The list of responsibilities the State Department will pick up from the military is daunting. It will have to provide security . . . in a country that is still rocked by daily bombings and assassinations. State is contracting a security force of about 5,000.

. . . The State Department will operate its own air service — the 46-aircraft Embassy Air Iraq — and its own hospitals . . .  4,600 contractors, mostly non-American, will provide cooking, cleaning, medical care and other services. Rounding out the civilian presence are about 4,600 people scattered over 10 or 11 outside sites.

I wonder what the budget is?

Never forget this either

POSTED BY ORHAN

Since 9/11, America has dished out a lot more than was done to us that day.

Some of the “achievements” that resulted from the 9/11 attacks include: the invasion and occupation of Afghanistan and Iraq, causing the deaths of hundreds of thousands of innocent men, women, and children, and displacement of up to four million more, as well as strengthening Iran’s influence in the region; the murders of hundreds of innocents by drone attacks in Pakistan, destabilizing the government and triggering the rise of the Pakistani Taliban; the breakdown of the rule of law, including preventive war and detention, kidnappings and renditions, extrajudicial murders, outsourcing of torture; the normalization and popular acceptance of torture techniques that we hanged war criminals for after WWII; the massive expansion of executive power to the point the President now asserts the authority to order the killing of anyone, Americans included, anytime, anywhere in the world, without explanation or justification; the expansion of domestic government surveillance of all Americans, including logging all internet activity and monitoring of phone conversations and financial transactions; normalization and acceptance of stop-and-search, humiliating pat-downs at airports, machine gun-wielding soldiers on streets and in subways, arrests of anti-war activists; expansion of the propaganda machine used to keep the population in perpetual fear, e.g., the three Pakistanis supposedly on their way to the US yesterday to attack by car bomb.

All this is old news, but it must be remembered, too. Today’s ceremonies are an integral part of the propaganda machine, even allowing for the fact that our tears are real; the cry “never forget” is now part of the national DNA. And we won’t forget: a hundred years from now, if America still exists, 9/11 will be used as an excuse for bombing third-world countries. 9/11 has become little more than a pretext for endless war and repression.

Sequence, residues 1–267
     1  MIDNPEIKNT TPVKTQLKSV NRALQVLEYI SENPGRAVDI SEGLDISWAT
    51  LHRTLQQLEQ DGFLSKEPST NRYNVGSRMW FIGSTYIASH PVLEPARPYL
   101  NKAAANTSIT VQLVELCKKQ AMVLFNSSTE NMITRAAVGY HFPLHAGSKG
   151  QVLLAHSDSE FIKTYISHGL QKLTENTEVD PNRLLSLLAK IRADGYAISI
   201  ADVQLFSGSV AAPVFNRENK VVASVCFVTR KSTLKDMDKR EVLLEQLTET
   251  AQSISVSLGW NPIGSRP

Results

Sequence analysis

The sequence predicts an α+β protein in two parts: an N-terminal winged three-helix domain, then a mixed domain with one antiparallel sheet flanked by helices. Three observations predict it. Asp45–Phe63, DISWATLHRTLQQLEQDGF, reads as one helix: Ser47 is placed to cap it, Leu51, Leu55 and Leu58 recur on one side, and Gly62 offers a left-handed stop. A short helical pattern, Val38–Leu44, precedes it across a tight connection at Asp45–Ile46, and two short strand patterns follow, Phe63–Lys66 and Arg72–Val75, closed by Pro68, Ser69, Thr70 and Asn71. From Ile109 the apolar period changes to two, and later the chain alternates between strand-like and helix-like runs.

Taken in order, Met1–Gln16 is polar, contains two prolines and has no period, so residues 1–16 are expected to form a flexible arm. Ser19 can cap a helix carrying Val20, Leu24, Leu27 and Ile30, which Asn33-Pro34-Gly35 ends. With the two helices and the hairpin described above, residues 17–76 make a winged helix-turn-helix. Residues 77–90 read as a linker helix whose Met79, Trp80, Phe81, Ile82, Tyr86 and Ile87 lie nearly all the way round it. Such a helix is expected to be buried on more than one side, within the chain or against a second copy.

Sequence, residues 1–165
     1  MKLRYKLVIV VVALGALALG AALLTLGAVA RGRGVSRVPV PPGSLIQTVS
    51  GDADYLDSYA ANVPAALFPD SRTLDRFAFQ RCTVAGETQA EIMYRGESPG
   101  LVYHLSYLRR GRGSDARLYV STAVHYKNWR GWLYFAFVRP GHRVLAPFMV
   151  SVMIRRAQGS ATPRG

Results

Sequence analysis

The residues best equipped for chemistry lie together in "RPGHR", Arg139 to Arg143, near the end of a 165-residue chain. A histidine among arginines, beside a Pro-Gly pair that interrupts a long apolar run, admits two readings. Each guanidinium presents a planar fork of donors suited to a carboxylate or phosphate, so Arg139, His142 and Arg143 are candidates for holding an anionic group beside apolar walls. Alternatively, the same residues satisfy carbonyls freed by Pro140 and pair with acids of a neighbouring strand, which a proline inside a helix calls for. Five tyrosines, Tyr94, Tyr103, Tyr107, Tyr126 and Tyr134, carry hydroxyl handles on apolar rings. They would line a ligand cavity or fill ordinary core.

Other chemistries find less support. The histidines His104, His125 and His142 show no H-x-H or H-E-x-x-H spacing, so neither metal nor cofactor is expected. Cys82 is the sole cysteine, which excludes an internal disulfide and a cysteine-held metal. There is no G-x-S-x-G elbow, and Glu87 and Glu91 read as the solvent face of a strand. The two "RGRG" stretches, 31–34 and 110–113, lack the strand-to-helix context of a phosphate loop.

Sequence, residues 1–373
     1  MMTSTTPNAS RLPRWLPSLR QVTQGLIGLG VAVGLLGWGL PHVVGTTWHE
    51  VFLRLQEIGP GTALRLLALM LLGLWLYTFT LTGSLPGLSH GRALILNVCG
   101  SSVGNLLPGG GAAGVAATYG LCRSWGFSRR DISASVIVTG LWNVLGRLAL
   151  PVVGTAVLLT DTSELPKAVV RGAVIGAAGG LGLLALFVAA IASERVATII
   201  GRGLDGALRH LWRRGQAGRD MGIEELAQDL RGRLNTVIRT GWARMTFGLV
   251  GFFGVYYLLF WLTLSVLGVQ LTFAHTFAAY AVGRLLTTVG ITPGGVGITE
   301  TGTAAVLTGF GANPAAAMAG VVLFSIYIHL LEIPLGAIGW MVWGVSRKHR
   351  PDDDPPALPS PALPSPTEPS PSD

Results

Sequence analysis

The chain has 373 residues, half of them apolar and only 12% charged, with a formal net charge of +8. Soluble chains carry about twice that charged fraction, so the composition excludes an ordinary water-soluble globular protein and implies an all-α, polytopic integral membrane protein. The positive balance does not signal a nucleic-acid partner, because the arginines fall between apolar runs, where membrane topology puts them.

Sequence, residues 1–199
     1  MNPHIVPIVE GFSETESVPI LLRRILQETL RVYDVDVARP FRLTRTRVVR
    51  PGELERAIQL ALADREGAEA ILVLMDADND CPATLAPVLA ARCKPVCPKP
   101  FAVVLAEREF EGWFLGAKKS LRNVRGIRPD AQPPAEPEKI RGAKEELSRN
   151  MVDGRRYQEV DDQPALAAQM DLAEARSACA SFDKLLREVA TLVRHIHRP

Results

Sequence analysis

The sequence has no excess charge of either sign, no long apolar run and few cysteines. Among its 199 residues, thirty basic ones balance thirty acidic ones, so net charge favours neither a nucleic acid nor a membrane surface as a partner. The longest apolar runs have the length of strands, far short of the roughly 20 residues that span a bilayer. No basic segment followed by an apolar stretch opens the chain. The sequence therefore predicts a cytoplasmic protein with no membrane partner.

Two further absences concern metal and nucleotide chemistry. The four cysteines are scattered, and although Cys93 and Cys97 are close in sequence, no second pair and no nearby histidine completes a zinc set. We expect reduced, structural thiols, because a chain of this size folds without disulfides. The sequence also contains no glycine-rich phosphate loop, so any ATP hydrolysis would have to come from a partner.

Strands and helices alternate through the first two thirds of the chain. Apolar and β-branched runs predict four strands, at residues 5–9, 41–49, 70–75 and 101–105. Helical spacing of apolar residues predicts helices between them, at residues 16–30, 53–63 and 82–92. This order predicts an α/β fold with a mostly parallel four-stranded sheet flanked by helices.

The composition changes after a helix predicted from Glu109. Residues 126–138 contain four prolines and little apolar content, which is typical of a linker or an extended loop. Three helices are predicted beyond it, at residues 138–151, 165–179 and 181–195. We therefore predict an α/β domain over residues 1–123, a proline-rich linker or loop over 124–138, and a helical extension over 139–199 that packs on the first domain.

UPDATE FROM MOE: I just came accross this graphic at Sekan’s blog, along with a related story. I think it’s a perfect compliment to Orhan’s post and adds even more perspective, so I throwing it in.

Wonder if they’ll have political parties?

I hope they have enough traffic lights

Guess the wars are on my mind today – all this deficit talk without any talk of wars is disgraceful. So I decided to check in and see how things are going with our new Embassy in Baghdad.

Did you know:

  • It’s the largest and most expensive embassy in the world
  • It’s two and a half times the size of Vatican City
  • It’s budgeted at $6.2 billion
  • The embassy complex comprises 21 buildings on a 104 acre (42 ha) site (Disneyland is 85 acres).
  • A Kuwaiti company got the contract to build it

From Wikipedia:

The embassy has extensive housing and infrastructure facilities in addition to the usual diplomatic buildings. The buildings include:[8]

  • Six apartment buildings for employees
  • Water and waste treatment facilities
  • A power station
  • Two “major diplomatic office buildings”
  • Recreation, including a gym, cinema, and a swimming pool

The complex is heavily fortified, even by the standards of the Green Zone. The details are largely secret, but it is likely to include a significant US Marine Security Guard detachment. Fortifications include deep security perimeters, buildings reinforced beyond the usual standard, and five highly guarded entrances.[citation needed]

Your basic small city. Embassy my ass. We’re never leaving Iraq.

And let us not forget the 800 or so military bases we have across the world which cost us about $102 billion yearly.

Jobs. Jobs. Jobs.